Moving to Calgary, Alberta - info about home neighbourhoods, realtors and movers
Calgary is a vibrant city of 1,100,000 (2007), located within breathtaking sight of the
Canadian Rockies. The city's population has doubled over the past 20 years, when it hosted the 1988 Winter Olympics.
Calgary has a compact and very modern downtown core with tall, mirrored skyscrapers on the edge of the always-blue Bow River.
Calgary is Canada's second-biggest head office city, second only to Toronto.
The city is headquarters to the oil & gas industry (through the production & refining is generally closer to Edmonton and Fort McMurray, to the north), and is a key centre for logistics, agriculture and southern Alberta tourism.
The city is a magnet for those who love outdoors, with Nose Hill Park in the north, Fish Creek Provincial park, in the city's south end, and the parklands along the banks of the Bow and Elbow rivers. There are several hundred kilometres of recreational pathways around and through the city. And of course, its only an hour drive to the scenic wonders of Banff and the Rocky Mountains!
The city's weather generally features wide-open blue skies, but the
temperatures can be quite unpredictable. Calgary can get July weather in January, courtesy
of the famous Chinook winds, which not only warm temperatures by 20C in a few
hours, but literally sucks the snow off the ground. Of course, being so close
to the mountains, Calgary can get the occassional snowfall in any month,
including July. By the way, the area's ski season usually goes from
mid-November until the Victoria Day Weekend.
Following the last ice age, which ended 10,000 years ago, which brought humans from Asia into the Americas, the area was settled by the Blackfoot, Blood, Peigan, Sarcee (Tsuu T'ina), and Stoney bands.
The lands were first explored by fur traders working for the Hudson's Bay Company and were first settled in the 1870s. Fort Brisbois was built in 1875 by the NorthWest Mounted Police (which became the RCMP) to protect the western plains from American whiskey traders. The fort was renamed Fort Calgary about the time that Treaty No. 7 was signed, where the First Nations ceded southern Alberta to the Canadian Government in return for government protection and reserves: Blackfoot near Gliechen, Blood Indians near Cardston, Peigan near Pincher Creek, Sarcee near Calgary, and the Stony near Morley.
Early Calgary grew around what is now Inglewood, and when the CPR built the trans-continental railroad, they located Calgary's station and railroad hotel west of the Fort and the Elbow River, setting the location for its current downtown. The city became a major commercial centre for this part of the prairies and in 1894, The City of Calgary was incorporated, and in 1904, the City abandoned most street names and converted to numbered streets. The city boomed and many old sandstone buildings along the eastern end of Stephen (8th) Avenue Walk and along Atlantic (9th) Avenue SE date back to this era when Calgary grew to 85,000 residents.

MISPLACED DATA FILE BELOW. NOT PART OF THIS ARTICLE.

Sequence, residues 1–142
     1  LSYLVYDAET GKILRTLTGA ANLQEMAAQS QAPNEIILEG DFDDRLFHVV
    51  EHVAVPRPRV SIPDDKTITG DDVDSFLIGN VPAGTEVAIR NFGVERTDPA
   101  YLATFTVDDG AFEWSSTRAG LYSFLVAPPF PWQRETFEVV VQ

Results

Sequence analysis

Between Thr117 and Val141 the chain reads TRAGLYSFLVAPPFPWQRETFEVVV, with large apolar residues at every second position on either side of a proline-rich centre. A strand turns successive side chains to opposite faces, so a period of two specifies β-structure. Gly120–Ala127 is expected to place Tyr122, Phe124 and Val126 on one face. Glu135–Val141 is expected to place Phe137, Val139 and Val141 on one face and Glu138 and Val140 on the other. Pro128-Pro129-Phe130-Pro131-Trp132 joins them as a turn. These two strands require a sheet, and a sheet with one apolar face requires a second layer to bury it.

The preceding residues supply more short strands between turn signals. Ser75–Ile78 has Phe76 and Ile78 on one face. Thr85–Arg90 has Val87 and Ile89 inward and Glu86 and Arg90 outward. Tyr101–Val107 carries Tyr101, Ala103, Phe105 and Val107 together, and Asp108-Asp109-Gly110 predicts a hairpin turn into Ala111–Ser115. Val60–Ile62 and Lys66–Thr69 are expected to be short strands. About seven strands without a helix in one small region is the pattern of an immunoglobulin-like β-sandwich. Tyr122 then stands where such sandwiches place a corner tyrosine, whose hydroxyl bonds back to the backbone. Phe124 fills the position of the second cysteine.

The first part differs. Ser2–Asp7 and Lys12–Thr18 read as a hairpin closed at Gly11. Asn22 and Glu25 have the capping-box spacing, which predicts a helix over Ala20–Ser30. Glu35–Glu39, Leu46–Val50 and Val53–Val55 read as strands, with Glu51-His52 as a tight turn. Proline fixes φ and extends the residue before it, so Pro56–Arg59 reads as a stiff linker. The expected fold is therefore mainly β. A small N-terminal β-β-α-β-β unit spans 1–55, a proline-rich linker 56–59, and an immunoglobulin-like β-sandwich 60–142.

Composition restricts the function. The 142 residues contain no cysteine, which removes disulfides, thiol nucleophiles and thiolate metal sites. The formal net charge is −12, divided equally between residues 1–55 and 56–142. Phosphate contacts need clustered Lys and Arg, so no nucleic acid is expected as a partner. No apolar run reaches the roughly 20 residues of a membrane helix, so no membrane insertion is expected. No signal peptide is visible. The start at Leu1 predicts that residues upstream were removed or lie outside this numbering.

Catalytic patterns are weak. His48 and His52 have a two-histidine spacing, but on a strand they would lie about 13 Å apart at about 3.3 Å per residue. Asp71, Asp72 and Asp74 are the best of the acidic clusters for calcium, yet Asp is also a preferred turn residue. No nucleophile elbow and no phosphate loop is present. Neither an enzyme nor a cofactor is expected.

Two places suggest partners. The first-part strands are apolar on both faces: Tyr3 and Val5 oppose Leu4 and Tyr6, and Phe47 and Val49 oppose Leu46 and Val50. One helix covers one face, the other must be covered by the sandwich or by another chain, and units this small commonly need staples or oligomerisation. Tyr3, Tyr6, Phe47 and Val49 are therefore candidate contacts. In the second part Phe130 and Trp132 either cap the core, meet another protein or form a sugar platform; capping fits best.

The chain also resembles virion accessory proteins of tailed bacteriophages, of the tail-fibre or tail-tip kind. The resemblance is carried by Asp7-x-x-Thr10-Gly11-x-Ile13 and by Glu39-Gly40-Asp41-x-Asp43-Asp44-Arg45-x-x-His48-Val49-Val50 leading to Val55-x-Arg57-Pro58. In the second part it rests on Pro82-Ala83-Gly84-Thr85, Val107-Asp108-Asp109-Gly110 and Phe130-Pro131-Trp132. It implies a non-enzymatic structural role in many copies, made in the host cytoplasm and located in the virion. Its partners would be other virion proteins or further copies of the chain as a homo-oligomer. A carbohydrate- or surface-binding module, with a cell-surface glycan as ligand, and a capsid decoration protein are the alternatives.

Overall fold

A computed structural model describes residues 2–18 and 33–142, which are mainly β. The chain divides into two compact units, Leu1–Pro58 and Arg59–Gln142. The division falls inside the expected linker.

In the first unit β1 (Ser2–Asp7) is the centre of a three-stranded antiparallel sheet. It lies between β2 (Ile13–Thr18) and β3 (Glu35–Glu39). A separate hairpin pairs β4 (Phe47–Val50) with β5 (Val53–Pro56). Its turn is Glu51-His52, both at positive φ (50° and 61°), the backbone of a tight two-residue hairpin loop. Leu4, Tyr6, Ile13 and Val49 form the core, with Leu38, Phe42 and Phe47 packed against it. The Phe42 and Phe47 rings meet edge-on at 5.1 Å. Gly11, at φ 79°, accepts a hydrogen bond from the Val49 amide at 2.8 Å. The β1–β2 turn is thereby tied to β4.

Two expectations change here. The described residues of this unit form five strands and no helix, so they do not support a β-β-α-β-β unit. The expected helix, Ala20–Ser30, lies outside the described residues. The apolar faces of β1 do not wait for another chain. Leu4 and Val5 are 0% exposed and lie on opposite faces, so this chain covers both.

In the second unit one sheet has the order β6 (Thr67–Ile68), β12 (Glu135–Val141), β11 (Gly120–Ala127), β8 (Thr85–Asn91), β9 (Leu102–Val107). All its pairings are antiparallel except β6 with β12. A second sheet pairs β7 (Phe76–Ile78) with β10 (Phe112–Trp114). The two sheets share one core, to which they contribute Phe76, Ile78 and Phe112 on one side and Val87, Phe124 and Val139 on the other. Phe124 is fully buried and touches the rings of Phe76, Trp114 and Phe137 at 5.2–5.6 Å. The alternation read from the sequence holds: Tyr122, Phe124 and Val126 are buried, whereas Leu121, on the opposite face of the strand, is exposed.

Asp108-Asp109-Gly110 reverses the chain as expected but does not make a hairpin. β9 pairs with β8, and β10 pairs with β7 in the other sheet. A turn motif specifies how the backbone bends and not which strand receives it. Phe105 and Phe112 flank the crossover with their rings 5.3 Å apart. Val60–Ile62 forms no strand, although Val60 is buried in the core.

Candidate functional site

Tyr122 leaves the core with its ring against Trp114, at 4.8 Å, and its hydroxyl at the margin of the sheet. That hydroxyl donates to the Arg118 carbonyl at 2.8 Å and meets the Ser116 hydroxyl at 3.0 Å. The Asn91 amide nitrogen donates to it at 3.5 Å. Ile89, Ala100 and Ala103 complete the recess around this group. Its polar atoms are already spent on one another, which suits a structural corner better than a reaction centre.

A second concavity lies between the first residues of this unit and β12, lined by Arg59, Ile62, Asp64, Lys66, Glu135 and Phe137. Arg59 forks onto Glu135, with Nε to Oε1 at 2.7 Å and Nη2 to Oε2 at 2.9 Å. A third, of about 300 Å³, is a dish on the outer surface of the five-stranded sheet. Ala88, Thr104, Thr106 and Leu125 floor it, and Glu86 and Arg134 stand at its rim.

Calgary has actually had three oil booms: the first around World War I, when oil was found south of town in Pincher Creek and natural gas near Medicine Hat, the second following the 1949 Leduc strike (near Edmonton) which caused an investment boom in the city's stock exchange, and lastly following the 1974 Arab Oil Boycott, which spurred madcap exploration in Western Canada, while causing disruption in other economic sectors and other regions of Canada. The "oilpatch" headquartered in Calgary grew rapidly and the city's population grew from 325,000 in 1974 to 650,000 by the early 1980s. Any surviving pre-1974 building is considered a candidate for being declared a heritage structure.
The most recent boom ended in 1981 with the "National Energy Program" (NEP) legislation created by Finance Minister Jean Chretien (who went on to be Canada's Prime Minister), unfairly sucking over $100 billion in oil industry profits from the West. The recession the NEP caused Alberta to diversify the economy into forestry, technology, and tourism. Calgary's new glass-towered downtown gave it the pride to apply for and host the 1988 Winter Olympic Games. Today (2009), Calgary's population is over the 1,100,000 level, with slow and steady growth gaining residents form all other parts of Canada.
Moving To Calgary
The city has grown exponentially over the past 30 years. Those who move here in the early 1980s remember grain eleveators and only a few homes south of Fish Creek Provincial Park, no homes west of Canada Olympic Park (then called "Paskapoo") and homes just beginning to creek up around and north of Nose Hill Park, and few homes in the Southeast below the Ogden Railyards. Each of theose areas now supports populations of over 50,000, towns in their own right, with retail, workplace, and mass-transit infrastructure. Calgary offers a range of housing from Inner City living to suburbs miles away from the urban rush, from high-density high rise condos to surburban spawl.
Calgary has a number of "bedroom communities" nearby, attracting residents wishing urban comforts of Calgary while getting a small town quality of life. To the east are Lake Chestermere and Strathmore, to the Soouth are Okotoks and High River, to the West are Bragg Creek and Cochrane, and to the north is Airdrie.